“There is a separate consultation paper on FDI and cross-media that the TRAI is supposed to be working on. There was no need for them to recommend these new restrictions when they were dealing with issues relating to DTH licensing regime. These recommendations will, of course, have to get government approval. But restrictions such as these for existing players are unfair. This is harming our constitutional right to do business. We will fight it out,” Dish TV managing director Jawahar Goel told TelevisionPost.com.
Incidentally, Siti Cable recently got board approval for raising up to $100 million via qualified institutional placement (QIP). The MSO is planning to seed six million set-top boxes (STBs) in Phases III and IV of digitisation.
“If the TRAI recommendations get the government nod, it will be bad for the Essel Group. They will have to get rid of either Siti Cable or Dish TV. Since the sale will take place due to regulatory requirements, this will impact the valuations,” said an investment banker who did not wish to be identified.
As per TRAI recommendations, the vertically integrated entities shall be allowed a period of one year to comply with the cross-holding restrictions.
Sun TV promoters also need to offload
The promoters of Sun TV will also need to get out of their cable or DTH venture if the TRAI recommendations get the government go-ahead. The group owns and operates the Sun TV channels, FM radio stations, SCV (cable) and Sun Direct (DTH).
Media analysts expect Sun to unload SCV as it is much smaller than Sun Direct and faces unfair competition from Tamil Nadu state-owned Arasu Cable.
As per TRAI, vertically integrated broadcasters will not be allowed to enter into fixed-fee deals. They will have to do CPS deals without discrimination. This means that the content cost for Dish TV payable to Zee could see an upward revision.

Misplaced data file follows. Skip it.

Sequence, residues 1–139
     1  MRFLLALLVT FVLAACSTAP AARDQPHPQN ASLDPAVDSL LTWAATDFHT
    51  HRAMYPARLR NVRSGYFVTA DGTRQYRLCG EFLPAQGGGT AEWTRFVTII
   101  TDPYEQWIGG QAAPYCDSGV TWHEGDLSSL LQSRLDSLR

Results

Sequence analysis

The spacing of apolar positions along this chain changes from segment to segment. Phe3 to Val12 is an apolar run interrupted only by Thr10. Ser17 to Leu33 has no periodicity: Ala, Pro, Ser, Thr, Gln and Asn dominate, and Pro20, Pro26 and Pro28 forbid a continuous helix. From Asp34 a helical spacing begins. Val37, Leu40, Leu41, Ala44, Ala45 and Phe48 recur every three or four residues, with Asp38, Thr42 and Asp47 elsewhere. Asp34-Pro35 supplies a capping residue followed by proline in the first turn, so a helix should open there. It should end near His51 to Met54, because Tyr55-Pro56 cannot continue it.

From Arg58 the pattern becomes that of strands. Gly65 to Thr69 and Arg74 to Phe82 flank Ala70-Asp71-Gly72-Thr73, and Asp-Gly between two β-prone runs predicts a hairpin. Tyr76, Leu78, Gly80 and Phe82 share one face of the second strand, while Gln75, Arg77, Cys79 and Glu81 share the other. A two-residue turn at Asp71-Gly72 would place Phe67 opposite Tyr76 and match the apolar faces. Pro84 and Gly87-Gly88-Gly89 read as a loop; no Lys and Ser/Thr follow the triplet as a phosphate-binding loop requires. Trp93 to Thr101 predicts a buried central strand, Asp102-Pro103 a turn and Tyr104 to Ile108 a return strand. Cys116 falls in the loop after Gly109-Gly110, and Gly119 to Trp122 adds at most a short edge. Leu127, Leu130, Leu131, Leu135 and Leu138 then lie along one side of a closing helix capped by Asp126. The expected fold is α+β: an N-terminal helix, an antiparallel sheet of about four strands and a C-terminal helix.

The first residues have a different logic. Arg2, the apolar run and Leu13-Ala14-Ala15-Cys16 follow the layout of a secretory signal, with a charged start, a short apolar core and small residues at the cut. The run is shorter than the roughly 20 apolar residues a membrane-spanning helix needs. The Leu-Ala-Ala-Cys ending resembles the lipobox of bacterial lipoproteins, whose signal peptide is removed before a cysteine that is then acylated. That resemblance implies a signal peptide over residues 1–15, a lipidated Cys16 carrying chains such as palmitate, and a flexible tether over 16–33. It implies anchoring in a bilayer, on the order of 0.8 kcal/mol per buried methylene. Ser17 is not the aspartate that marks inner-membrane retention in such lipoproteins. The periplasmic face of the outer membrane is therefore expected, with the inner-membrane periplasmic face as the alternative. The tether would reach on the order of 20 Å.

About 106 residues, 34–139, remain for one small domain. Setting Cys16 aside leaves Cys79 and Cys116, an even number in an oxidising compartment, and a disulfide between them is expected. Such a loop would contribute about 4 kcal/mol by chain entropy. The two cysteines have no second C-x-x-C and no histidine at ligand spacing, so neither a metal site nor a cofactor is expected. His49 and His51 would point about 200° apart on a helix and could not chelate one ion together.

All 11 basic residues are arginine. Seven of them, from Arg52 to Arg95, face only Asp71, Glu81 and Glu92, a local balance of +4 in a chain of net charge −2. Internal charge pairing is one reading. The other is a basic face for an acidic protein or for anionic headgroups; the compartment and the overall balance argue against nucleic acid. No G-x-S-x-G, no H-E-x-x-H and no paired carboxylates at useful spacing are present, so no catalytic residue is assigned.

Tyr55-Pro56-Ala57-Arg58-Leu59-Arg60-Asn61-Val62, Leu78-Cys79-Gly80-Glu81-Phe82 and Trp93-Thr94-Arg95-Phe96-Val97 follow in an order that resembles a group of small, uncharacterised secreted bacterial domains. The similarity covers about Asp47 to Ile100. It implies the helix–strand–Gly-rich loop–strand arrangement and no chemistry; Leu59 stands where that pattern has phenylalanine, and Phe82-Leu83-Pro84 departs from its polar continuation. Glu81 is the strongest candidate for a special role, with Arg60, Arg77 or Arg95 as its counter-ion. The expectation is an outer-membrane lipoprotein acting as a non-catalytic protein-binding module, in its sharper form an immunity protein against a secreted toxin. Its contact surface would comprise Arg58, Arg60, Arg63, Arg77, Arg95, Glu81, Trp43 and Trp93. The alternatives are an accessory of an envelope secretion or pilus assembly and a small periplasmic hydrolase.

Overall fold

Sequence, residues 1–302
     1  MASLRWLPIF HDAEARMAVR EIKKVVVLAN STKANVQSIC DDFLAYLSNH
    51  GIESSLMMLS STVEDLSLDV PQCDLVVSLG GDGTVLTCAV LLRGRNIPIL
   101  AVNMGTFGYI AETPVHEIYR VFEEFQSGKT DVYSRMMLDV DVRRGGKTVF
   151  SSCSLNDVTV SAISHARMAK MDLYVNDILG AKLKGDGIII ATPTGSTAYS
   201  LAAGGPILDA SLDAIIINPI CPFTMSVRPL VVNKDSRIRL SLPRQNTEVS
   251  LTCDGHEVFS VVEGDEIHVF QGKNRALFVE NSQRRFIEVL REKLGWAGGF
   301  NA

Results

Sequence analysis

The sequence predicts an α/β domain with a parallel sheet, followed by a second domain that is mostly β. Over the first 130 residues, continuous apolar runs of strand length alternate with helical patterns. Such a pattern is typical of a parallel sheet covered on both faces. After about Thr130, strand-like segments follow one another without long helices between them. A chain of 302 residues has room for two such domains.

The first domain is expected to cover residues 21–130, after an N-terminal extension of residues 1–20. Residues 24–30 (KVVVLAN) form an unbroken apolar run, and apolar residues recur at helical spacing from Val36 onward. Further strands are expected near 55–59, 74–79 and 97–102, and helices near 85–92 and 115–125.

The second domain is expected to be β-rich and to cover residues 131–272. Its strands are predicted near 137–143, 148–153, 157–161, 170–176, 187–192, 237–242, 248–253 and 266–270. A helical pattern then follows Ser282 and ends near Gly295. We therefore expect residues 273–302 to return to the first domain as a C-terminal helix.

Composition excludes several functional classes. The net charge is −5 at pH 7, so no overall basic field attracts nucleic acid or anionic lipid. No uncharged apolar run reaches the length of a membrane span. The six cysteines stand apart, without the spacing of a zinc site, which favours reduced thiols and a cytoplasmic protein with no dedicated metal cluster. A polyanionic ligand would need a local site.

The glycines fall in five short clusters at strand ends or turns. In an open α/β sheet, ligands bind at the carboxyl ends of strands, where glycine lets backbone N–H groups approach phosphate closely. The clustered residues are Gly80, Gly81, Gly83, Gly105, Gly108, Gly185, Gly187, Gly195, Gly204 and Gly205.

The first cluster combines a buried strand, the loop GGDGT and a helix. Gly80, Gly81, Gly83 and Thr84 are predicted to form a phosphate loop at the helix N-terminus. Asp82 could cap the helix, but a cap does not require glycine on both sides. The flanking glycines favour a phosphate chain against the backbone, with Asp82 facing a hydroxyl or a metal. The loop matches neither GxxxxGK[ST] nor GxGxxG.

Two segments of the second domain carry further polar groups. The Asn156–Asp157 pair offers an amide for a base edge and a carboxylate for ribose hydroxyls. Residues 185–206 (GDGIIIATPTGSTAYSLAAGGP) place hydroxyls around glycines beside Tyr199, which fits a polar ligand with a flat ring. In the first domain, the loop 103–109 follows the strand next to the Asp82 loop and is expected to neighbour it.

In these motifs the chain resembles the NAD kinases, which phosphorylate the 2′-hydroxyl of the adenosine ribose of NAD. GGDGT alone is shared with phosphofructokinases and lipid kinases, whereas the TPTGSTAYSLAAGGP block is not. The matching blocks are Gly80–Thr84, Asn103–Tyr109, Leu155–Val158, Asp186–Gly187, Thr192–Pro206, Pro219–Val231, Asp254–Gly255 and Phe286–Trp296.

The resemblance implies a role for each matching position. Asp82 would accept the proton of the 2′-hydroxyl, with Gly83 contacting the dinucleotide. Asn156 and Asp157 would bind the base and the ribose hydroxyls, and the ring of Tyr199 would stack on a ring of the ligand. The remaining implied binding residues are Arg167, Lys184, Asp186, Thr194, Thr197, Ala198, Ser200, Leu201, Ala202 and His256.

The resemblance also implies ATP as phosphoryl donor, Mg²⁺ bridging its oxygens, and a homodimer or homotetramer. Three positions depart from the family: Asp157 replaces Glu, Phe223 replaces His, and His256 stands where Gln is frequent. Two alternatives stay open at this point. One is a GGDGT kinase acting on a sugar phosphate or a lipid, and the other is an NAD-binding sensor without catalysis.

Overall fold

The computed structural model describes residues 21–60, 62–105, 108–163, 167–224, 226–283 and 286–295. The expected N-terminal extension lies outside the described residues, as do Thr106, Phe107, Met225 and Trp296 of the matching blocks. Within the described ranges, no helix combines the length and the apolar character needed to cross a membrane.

For a vertically integrated entity, the market share cap of 33 per cent is also seen as a minor irritant. It is highly improbable that a DTH or an MSO can capture one-third of the category share in a relevant market (country for DTH and state for MSO). In case of an MSO which is not vertically integrated, the market share ceiling is at 50 per cent at the state level.
As per TRAI, a vertically integrated DPO shall not reserve more than 15 per cent of its channel-carrying capacity for its vertically integrated broadcaster. This will not impact Zee, Star or Sun as they are nowhere near that limit.
In case of vertically integrated DPOs, the access fee (carriage) shall be non-discriminatory for all the broadcasters. This is nothing new and has been specified in DAS.
M&A deals to be impacted
With the TRAI limiting the market share to 33 per cent in case of a vertically integrated MSO/HITS or DTH operator, merger and acquisition (M&A) deals could get impacted.
Broadcasters will also have the option of going with only one category of DPO. “A worry is that the portfolio gets restricted. If the market twists and turns, one doesn’t have the flexibility of grabbing opportunities,” says a senior executive of a broadcast network.
‘Control’ à la TRAI
An entity is said to ‘control’ another entity, if it, directly or indirectly through associate companies, subsidiaries and/or relatives:
(a) owns at least 20 per cent stake in the other entity; or
(b) exercises de jure control by means of:
(i) having not less than 50 per cent of voting rights; or
(ii) appointing more than 50 per cent of the members of the board of directors in E2; or
(iii) controlling the management or affairs through decision-making in strategic affairs of the other entity and appointment of key managerial personnel; or
(c) exercises de facto control by means of being a party to agreements, contracts and/or understandings, overtly or covertly drafted, whether legally binding or not, that enable the entity to control the business; or
(d) decisions taken in the other entity, in ways as mentioned in (b) (i) (ii) and (iii) above.